Today Mood Media has 2,000 employees and offers digital signage, in-store scent branding and even targeted mobile ads. Its video and other services make up 25 per cent of its business, a segment the company would like to grow.
The company’s quick rise, however, hasn’t exactly appealed to public shareholders. After a 2008 initial public offering of $2 a share, the price rose to more than $4 by last year, but has since collapsed to around a dollar.
Among the company’s struggles is the weight it carries following the Muzak acquisition, which was financed with $480-million (U.S.) in debt, including the refinancing of Mood’s previous debt. But other acquisitions, such as DMX, were financed with equity, and Mr. Abony says there are measures in place including a strong cash pile and well-diversified customer base to avoid emergencies. When it comes to Mood’s finances, Mr. Abony says, “I sleep well at night.”
The company also announced last month that it was exploring “strategic alternatives to enhance shareholder value,” not ruling out a possible sale of the company.
Of the eight analysts who cover Mood Media’s stock, half give it a “buy” rating, with two rating it “market perform,” according to Bloomberg.
Still, they say there is much room to improve. Analyst Robert Gibson of Octagon Capital Corp., who has a “buy” recommendation, said in a research note that while Mood Media is trying to consolidate operations to lower costs, they’re taking a “conservative approach” to it, to the detriment of recent results and analyst estimates.
Similarly, Byron Capital Markets analyst Rob Goff says that while the company’s “legacy audio business is solid,” Mood Media has barriers to overcome in its in-store signage department, including content outlay costs and North American expansion. If 5 per cent of the company’s existing clients on the continent adopt its visual products, Mr. Goff says, it could add as much as 70 cents to the share value.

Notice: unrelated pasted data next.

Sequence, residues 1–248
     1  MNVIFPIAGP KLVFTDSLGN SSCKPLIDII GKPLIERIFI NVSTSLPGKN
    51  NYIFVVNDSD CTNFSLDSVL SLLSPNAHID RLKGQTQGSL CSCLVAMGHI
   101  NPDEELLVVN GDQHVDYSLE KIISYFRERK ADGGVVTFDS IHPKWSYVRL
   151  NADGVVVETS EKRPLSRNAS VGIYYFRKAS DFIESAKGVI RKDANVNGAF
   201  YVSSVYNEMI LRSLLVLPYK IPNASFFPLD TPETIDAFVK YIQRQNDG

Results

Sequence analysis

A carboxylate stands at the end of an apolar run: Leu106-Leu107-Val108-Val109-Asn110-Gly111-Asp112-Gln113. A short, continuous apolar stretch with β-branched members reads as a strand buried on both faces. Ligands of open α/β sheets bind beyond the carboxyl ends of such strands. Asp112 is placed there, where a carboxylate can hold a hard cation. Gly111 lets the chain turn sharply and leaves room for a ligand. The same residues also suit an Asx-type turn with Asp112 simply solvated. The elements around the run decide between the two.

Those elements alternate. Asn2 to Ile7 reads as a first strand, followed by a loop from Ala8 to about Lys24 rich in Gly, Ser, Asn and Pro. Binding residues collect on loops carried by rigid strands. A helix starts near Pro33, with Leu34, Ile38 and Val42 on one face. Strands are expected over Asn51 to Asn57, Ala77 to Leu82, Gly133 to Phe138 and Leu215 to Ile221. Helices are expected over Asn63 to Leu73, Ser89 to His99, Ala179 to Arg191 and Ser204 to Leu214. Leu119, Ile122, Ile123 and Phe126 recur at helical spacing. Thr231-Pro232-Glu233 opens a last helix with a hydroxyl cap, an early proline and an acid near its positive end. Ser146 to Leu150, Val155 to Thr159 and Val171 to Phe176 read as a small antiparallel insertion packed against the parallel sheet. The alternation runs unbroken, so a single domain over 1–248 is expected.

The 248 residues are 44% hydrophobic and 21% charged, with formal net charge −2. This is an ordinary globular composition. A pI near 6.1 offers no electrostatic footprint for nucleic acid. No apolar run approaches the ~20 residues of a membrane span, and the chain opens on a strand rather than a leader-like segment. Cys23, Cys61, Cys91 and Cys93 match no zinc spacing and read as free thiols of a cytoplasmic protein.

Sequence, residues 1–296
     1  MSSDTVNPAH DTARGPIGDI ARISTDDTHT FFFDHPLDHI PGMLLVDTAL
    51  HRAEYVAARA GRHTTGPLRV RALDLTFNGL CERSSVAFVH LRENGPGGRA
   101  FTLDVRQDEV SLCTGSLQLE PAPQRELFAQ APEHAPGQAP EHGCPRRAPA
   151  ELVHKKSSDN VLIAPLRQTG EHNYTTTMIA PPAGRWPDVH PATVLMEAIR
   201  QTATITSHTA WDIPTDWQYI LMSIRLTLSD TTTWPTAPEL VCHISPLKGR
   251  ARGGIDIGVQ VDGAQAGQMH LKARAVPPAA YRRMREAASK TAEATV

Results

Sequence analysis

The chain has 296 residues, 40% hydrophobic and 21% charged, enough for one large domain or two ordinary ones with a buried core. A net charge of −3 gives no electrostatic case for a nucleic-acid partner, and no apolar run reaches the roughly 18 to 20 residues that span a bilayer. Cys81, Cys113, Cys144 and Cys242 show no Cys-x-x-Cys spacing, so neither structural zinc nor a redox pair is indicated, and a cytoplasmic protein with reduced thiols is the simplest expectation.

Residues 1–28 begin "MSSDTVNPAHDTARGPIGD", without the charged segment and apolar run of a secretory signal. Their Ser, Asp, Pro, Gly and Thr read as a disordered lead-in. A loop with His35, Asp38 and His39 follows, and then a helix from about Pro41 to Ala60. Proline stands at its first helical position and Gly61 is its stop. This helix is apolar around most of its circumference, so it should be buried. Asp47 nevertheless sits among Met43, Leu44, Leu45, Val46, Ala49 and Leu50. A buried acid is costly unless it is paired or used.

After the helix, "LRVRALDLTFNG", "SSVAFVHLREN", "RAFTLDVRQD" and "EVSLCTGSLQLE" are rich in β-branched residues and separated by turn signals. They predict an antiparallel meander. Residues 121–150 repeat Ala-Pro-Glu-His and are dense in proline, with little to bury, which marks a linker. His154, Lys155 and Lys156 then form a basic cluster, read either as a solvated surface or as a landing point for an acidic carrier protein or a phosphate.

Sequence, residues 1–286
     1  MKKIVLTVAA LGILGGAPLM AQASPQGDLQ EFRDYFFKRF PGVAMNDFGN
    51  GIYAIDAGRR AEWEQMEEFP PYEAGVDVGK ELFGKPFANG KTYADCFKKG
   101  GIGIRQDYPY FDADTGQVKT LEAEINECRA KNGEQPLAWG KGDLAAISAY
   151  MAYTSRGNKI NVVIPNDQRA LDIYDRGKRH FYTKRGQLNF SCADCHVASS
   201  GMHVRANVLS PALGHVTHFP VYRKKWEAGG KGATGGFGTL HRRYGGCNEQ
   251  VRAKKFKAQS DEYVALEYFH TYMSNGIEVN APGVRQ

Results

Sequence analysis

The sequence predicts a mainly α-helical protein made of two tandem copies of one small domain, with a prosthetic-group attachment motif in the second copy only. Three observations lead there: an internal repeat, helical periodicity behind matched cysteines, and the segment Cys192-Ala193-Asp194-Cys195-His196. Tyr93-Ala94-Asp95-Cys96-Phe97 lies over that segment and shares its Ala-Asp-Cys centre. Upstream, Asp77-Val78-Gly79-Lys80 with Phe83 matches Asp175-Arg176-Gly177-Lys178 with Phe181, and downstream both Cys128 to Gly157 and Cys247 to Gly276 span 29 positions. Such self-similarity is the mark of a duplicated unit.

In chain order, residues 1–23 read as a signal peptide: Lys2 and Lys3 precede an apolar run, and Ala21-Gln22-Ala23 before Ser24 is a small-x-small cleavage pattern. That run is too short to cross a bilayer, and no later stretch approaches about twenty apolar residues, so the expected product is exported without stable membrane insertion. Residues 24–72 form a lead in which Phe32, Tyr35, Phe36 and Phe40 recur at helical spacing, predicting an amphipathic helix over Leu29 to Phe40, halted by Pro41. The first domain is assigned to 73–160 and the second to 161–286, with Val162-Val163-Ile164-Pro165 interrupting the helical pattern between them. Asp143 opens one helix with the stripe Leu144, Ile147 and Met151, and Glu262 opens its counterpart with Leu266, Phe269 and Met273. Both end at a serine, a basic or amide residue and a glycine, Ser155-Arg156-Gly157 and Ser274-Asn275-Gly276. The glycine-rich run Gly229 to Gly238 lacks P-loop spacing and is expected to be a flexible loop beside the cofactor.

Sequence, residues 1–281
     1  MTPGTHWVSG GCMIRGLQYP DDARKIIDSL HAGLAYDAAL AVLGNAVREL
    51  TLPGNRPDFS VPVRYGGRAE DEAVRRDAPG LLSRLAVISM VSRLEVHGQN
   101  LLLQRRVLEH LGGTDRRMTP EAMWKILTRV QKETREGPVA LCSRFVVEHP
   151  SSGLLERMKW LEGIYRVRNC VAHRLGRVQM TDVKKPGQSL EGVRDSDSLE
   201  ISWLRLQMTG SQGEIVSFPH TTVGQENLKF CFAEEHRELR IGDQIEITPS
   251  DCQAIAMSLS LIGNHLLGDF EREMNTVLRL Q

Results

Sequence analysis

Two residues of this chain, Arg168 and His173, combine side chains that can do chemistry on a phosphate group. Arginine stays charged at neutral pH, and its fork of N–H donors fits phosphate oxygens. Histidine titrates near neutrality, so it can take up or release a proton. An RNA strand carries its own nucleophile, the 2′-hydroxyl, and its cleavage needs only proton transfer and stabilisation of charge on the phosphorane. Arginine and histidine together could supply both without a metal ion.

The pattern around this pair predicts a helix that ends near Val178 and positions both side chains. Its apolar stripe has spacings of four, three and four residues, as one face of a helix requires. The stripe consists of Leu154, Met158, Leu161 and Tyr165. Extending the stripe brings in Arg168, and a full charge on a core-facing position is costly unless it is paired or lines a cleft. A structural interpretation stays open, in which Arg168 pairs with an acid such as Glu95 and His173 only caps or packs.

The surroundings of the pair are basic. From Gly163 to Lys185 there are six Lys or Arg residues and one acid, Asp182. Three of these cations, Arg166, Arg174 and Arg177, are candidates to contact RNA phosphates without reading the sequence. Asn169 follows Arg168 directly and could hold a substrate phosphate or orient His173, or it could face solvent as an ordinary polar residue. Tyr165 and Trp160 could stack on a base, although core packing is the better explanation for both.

In other words, Mood Media needs to focus on its bundling strategy. Which, Mr. Abony says, the company plans to do.
Now that Mood Media is finished with its wild, youthful days of playing the field, it is settling down – in Austin. A global music hub, the city makes sense as the company home; it also happens to house the headquarters of the freshly acquired DMX.
After “commuting to work for the last four years,” Mr. Abony will be joining the company at its new Austin headquarters in July to focus on Mood’s future: “Now that we’re done making acquisitions, at least in the near term, the focus is on consolidating the business to make one huge, strong company.”
The company made strides in honing its focus just this week, announcing the sale of its specialty music and DVD production and distribution subsidiaries.
Mood Media also announced its first-quarter earnings on Thursday, seeing $129-million in revenue growth - a 54 per cent rise over the same quarter last year. The company posted a loss for the quarter of close to $5-million after tax. Shares rose about 3 per cent to $1.00 in mid-day trading.